We need to first clarify an important concept before we go into coaching and cueing:
- NOT ALL MOVEMENT REQUIRES COACHING
To Coach or Not to Coach
If someone is performing a movement/exercise correctly, all you have to do is shut your mouth and smile.
If someone is performing a movement/exercise incorrectly, you should ask yourself two questions:
- Do they need a different environment via a sensory change/coaching and cueing?
- Is this a professional error? Is this the right exercise for this patient at this time?
So if someone can’t perform the deadlift correctly, they either need some coaching and cueing (a sensory change) or they need a different exercise.
3 Types of Coaching
I break down coaching into 3 different categories:
- 1) Verbal – External & Internal
- 2) Visual – External & Internal
- 3) Proprioceptive
Each of these categories are a change of the inputs from the environment. Each section has a specific attentional sensory focus. Below is a brief introduction to each type of cue. For a more in depth look at specific cueing types, stayed tuned for Parts III-IV in this article series.
Verbal cues are by far the most common and one of the most researched coaching cues.
Focuses on how the body’s output affects the environment (outcomes, objects, etc.)
Focuses on the body processes and internal systems (muscles, kinematics, pressure, etc.)
Visual cues are rarely discussed in the coaching realm. However, there are some interesting concepts in this category that can have a huge impact on your clients’ movement.
Influences movement through visual input (visual field, objects, orientation, demonstrations, eyewear, etc.)
Internal / Motor Imagery
“Motor Imagery is defined as an internal rehearsal or reenactment of movements from a first person perspective without any overt physical movement. From another perspective, MI, also known as kinesthetic imagery, is an active cognitive process during which the representation of a specific action is internally reproduced in working memory without any overt motor output” -Carl Gabbard and Ashley Fox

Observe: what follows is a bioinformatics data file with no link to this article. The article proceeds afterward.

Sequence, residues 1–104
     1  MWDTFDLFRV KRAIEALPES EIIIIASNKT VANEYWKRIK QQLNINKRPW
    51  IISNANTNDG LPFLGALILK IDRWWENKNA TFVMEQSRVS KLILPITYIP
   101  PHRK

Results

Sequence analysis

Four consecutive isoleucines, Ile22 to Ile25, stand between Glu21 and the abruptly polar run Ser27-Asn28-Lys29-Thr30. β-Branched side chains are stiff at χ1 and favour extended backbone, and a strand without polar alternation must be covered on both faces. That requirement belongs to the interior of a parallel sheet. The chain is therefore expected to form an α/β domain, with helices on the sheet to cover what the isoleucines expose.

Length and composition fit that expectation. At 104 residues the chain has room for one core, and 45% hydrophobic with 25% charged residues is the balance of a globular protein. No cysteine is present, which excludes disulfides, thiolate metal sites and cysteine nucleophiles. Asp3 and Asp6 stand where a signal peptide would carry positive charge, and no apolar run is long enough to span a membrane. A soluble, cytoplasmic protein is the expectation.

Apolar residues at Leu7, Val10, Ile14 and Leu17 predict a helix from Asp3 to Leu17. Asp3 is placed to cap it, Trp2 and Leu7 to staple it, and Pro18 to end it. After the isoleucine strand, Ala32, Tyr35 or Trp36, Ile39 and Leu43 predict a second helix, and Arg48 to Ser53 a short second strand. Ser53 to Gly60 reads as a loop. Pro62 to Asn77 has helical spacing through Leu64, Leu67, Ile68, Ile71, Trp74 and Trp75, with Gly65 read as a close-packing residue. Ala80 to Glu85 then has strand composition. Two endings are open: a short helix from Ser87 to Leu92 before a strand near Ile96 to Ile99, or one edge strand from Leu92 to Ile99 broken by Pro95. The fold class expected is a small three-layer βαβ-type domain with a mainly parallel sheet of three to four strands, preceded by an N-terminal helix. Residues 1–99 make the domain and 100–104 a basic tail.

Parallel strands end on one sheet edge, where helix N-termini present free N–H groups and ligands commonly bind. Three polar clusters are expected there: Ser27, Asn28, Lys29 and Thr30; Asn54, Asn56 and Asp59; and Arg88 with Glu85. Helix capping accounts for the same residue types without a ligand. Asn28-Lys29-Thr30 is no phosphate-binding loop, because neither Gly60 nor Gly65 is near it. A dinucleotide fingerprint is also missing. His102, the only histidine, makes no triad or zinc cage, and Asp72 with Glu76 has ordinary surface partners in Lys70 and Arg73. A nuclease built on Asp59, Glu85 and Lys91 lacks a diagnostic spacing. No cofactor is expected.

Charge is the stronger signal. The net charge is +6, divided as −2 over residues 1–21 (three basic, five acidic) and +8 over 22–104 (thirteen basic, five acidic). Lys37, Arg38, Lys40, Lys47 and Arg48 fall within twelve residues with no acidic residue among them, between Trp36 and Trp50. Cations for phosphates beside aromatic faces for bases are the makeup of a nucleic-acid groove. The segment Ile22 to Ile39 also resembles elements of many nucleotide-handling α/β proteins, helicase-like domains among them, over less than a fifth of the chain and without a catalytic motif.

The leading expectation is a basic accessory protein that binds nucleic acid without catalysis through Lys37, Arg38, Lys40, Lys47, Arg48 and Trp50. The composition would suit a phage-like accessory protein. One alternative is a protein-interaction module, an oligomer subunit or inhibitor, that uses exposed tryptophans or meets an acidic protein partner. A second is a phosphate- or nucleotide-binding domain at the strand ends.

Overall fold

Proprioceptive cues are very common in both rehab and training (whether the practitioner knows it or not). It’s a common sense type of approach that can have more profound effects than any other sensory change. These proprioceptive cues can be divided into MANY different sub-categories.
- External Stimulation (tactile, tape, surface, footwear, etc.)
- [Insert Latest Terminology]
Which type of cue the patient needs depends on many factors. A greater understanding of each of these types of sensory changes will help one determine which one to use. Keep the overall goal in mind and match your desired outcome to they type of cueing.
And remember, if someone isn’t performing a movement correctly despite your coaching/cueing, you either need a different sensory change or a different exercise.
Coaching & Cueing
Part I – Intro
Part II – The Categories
Part III – Verbal Cues – External
Part IV – Verbal Cues – Internal
Part V – Visual
Part VI – Proprioceptive
Part VI – Summary